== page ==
Tote bag company supports education of girls in need
Allison Grenney (BA ’10) believes in the power of girls. She also believes in the value of an education. Combining read more…
Allison Grenney (BA ’10) believes in the power of girls. She also believes in the value of an education. Combining these two passions, Grenney has set out to make a positive change in the lives of young girls around the world through her socially conscious business, EduKate.
Founded in November 2012, EduKate sells American-made tote bags whose profits support the education of girls in areas of need. By partnering with the nonprofit Starfish One by One, EduKate is able to support the secondary education of Guatemalan girls living in poverty. Proceeds from the sale of the bags support a mentorship program for girls, a crucial component of the overall mission. A local mentor meets with 15 girls once a week, teaching them various life skills and providing encouragement.
“It’s a great balance between emotional support and personal development, as well as tangible skills that the girls are able to take back to their families,” Grenney says. “The mentor talks with them about everything from water filters to reproductive health. It’s really the No. 1 thing that keeps the girls in school.”
EduKate was born from two “epiphany moments” Grenney had while traveling in Cambodia and Vietnam. While in a floating village in Cambodia, she was struck by the country’s vastly different education system, giving her a new appreciation for the opportunities she had growing up in the United States. This attitude was furthered in Vietnam, where she witnessed the challenges faced by local women in rural areas. After talking to a tour guide who attributed his family’s success to his wife’s education, Grenney’s belief in the power of educating girls to break the cycle of poverty was confirmed.
“It was such a pivotal moment,” she says. “When I came home, I wanted to use the marketplace and create a business that can educate the American public on global education issues.”
The company’s slogan, “Empowerment Through Passion,” stemmed from Grenney’s own beliefs and personal experiences. “I always think, ‘How can I be empowered through my passions to make the world a better place?’” she says.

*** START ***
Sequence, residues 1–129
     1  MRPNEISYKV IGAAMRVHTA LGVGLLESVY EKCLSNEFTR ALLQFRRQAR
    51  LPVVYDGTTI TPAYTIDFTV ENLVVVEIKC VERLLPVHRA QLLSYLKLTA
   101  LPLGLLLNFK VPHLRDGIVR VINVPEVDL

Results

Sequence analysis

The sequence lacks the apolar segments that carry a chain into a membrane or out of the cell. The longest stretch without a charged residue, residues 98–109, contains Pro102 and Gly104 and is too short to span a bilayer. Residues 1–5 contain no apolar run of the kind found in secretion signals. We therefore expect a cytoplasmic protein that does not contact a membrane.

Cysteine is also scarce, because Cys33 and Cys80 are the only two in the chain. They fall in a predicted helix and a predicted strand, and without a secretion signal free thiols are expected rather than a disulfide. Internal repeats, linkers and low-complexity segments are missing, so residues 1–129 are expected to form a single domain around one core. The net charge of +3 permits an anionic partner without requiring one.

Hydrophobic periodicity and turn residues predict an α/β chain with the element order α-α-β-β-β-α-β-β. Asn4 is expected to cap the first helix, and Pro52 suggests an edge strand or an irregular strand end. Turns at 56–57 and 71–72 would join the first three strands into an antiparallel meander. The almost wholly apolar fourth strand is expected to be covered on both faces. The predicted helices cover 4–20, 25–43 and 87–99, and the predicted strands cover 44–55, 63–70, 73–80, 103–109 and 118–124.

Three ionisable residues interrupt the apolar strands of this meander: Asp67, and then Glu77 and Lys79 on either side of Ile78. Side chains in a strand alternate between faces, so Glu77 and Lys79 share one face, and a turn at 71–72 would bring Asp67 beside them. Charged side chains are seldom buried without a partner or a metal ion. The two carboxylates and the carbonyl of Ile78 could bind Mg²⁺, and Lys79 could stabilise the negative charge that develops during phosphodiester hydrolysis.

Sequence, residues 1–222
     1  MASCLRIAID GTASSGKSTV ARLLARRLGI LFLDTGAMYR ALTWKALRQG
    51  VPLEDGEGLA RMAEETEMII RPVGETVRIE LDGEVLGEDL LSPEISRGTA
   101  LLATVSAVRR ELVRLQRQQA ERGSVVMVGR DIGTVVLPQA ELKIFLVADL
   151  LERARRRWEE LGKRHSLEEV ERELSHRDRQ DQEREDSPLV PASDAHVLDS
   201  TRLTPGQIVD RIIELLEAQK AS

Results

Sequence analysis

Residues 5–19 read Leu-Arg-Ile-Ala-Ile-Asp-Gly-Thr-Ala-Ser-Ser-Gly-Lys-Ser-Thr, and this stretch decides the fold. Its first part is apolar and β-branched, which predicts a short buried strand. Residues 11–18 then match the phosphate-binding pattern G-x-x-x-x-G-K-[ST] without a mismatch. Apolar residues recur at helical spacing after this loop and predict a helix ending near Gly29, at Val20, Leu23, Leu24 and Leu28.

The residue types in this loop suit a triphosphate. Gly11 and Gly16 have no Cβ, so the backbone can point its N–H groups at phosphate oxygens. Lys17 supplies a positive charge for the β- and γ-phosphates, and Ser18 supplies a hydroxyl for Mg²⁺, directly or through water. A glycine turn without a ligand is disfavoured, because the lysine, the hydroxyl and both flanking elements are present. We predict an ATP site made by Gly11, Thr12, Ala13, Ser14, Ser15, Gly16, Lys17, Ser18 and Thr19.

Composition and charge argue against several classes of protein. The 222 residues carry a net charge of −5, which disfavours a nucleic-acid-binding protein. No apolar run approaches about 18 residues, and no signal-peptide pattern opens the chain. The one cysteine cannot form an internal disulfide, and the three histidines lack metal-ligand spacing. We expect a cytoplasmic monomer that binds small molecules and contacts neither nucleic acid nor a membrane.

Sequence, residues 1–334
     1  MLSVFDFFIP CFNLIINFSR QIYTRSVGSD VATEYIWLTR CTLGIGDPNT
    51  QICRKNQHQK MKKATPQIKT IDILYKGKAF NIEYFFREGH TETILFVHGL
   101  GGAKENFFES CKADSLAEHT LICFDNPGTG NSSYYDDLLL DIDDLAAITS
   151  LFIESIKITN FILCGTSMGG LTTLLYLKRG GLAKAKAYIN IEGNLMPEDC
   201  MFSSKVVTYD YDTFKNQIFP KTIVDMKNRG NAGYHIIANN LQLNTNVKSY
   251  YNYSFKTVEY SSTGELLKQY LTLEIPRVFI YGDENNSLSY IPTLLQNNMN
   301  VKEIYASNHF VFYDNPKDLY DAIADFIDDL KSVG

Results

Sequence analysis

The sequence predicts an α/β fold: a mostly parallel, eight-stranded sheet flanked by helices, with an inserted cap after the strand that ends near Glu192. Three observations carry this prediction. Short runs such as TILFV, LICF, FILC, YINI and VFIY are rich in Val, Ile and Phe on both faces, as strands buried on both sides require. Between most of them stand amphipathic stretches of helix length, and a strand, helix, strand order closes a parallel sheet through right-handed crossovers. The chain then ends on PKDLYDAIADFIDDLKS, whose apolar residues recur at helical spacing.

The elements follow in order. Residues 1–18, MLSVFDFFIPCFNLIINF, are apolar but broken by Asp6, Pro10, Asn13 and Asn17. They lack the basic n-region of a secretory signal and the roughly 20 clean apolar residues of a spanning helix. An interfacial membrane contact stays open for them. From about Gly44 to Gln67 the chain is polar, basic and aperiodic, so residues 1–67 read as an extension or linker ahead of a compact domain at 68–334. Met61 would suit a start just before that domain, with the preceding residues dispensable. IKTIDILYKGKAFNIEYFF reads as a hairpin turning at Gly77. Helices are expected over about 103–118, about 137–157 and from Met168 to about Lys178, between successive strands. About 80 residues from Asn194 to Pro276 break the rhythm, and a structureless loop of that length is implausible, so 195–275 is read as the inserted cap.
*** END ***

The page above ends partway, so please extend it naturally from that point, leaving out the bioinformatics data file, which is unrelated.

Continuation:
Though she has plans to expand into other countries, Grenney’s focus now is on Guatemala, one of the poorest nations in the world. Only 5 percent of girls there finish primary school, and one out of every two children is malnourished. Due to the lack of resources, families are not able to send all their children to school, giving priority to boys instead of girls, who are seen as a “lost investment” because the majority marry at a young age.
EduKate also is helping to employ low-income American women, who manufacture the bags in Colorado through an empowerment program. Grenney says she didn’t feel comfortable helping on a global scale unless she could make an impact in her immediate community, too.
Using her background as an environmental science major, Grenney made sure the bags were environmentally sensitive, using only local materials and an all-natural color-dyeing process. She also designed the bag with function in mind, combining features from her favorite bags to form a practical, everyday item.
Grenney was overwhelmed by the girls’ progress when she traveled to Guatemala in November, and she says she came home with 200 more heroes.
“Many of them are so young but have this tenacity and hard-working attitude that surpasses so many people I’ve met,” she says. “It’s incredible to see the dedication of the girls and their drive to pursue their dreams. They’re so committed to their education because they want to help their community and families. I believe in supporting these girls’ dreams because they will make a difference in their community and maybe even globally.”
Visit edukate.co to learn more and to purchase a tote bag.